Brendan Cummins: I would compare our training drills with the movie 'The Matrix'
Eamon O'Shea came across a little bit eccentric at first but he opened my mind
It wasn't long before Eamon O'Shea was sprinkling magic dust over us. I found him a little eccentric at first, but once you started to understand what it was he was trying to get you to do, how he wanted to open your mind to creative possibilities in how you played, you were soon a different and a better player.
Bland wasn't good enough. If you're bland, you may as well be a lemming running off a cliff with the rest of them. Socially conditioned to follow the pack rather than stand out from the crowd.
Eamon was the only guy I've ever trained under that never used cones on a pitch specifically for hurling drills. Lines of the field were his canvas. We played games within the lines of the pitch, often in confined spaces with the constant threat of blue murder hovering in the air.
One of his favourite exercises was to play matches between the 65-metre lines.
We were encouraged to operate within tight, confined parameters. Having trained between the 65s, opening up the full width of the pitch on matchday was a revelation.
The extra space provided would allow us to fully express ourselves. People watched us train and I'd ask them what they thought. 'Fucking chaos! It's mad! Players are running everywhere. What are ye at?' But in the middle of it all, I knew exactly where the ball had to be. In a drill, I was completely in sync with everything happening around me.
I would compare what we were doing to the movie The Matrix.
It's a complicated film full of symbols and numbers, but once you understand them, it makes sense. That's what Eamon was to us, the head of the Matrix.
It took a while to decipher his messages but when you did, everything became clear.
We could see his world, his game, his strategy. I understood Eamon relatively quickly but I don't think it's possible ever to fully understand him.
As a collective, it probably took the team 18 months to evolve to a point where we were fully in tune with how he wanted to play.
Eamon sees the pitch as a blank page. He knows the way he wants his team to play the game, by creating space and moving fluently. One of his great gifts is the ability to tailor a training session to the mood of the team. He would watch carefully and walk among us as Cian O'Neill warmed us up.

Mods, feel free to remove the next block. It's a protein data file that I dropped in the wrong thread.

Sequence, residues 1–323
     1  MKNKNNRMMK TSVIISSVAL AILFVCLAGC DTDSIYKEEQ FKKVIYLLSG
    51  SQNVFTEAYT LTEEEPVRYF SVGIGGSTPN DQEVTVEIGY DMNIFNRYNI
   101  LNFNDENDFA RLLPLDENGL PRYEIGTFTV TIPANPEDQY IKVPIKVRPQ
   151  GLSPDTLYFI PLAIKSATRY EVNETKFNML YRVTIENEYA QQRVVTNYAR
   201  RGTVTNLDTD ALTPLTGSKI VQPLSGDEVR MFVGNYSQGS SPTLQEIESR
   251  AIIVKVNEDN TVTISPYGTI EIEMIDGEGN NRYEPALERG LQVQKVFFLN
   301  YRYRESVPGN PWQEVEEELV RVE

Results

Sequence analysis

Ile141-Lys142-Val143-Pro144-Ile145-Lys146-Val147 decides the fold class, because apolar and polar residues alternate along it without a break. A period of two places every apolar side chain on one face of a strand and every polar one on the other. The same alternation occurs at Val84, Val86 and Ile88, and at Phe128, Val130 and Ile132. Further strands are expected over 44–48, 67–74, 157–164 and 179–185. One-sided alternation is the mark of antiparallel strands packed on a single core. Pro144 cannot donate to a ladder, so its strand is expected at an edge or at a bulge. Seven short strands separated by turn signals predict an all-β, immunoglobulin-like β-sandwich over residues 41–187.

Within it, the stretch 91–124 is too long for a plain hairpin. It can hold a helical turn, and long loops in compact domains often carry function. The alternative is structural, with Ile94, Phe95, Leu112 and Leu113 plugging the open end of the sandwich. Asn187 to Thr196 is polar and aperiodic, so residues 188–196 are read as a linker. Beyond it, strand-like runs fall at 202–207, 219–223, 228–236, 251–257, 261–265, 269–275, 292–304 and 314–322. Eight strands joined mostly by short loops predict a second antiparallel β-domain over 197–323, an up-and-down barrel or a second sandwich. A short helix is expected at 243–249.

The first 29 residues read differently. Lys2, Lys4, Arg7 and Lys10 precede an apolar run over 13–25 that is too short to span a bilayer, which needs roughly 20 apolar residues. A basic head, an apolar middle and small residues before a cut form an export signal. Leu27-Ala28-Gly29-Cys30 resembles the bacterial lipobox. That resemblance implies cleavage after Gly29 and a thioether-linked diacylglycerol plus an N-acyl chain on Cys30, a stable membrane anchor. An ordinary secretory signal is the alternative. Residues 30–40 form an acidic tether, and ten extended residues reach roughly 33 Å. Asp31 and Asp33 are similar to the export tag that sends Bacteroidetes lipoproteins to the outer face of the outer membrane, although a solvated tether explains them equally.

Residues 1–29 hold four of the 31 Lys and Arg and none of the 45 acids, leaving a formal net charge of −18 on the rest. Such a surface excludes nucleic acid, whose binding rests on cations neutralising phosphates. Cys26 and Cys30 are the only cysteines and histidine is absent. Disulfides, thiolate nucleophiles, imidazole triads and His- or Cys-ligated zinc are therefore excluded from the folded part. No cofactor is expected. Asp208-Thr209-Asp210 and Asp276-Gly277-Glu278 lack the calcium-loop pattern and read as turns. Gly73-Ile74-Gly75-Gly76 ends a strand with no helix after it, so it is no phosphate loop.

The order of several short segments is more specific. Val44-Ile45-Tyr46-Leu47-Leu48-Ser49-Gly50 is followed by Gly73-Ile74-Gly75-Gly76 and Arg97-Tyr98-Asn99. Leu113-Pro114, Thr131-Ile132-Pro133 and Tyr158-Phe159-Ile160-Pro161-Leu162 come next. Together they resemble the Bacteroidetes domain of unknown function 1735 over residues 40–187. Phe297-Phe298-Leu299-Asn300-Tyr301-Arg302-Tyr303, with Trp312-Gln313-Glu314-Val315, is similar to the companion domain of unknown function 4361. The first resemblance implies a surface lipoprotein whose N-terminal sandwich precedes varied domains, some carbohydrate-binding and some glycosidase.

Eamon would drift to the periphery of the group, arms folded, watching and gauging the mood and humour of the team. Was there energy present?
Were the energy levels too high or too low? What was the temperature like? Eamon O'Shea is a human thermometer and he'll start a training session at the tempo that he deems appropriate.
He might start it slowly if he thinks that the general mood is too giddy, to bring the group down. Liam would often say to us that the right level was always chest high, never too high or too low. And he'd point to chest level, below the chin. 'Right there, lads.'
Eamon, too, always knew where the right level was. Unknown to ourselves, he'd always get us there, to a level where we were training optimally. So if he had to take us down, he would, and if he had to take us up, he'd do that too.
When he got us there, the quality came, space opened up, and he got the movement he desired. His training was a constant challenge, fresh and varied. He also understood one of the psychological traits that had scuppered many a Tipperary team in the past, namely the tendency to rest on our laurels. Having built up a big lead in a game, we would almost invariably lose our concentration and allow the opposition to work their way back into contention.
'Over here,' Eamon would command. 'Drill. Four against four.'
There was no time for standing around. That's one of the big no-nos in sport psychology. Simple, active drills were the norm and we were never on the pitch without our minds switched on.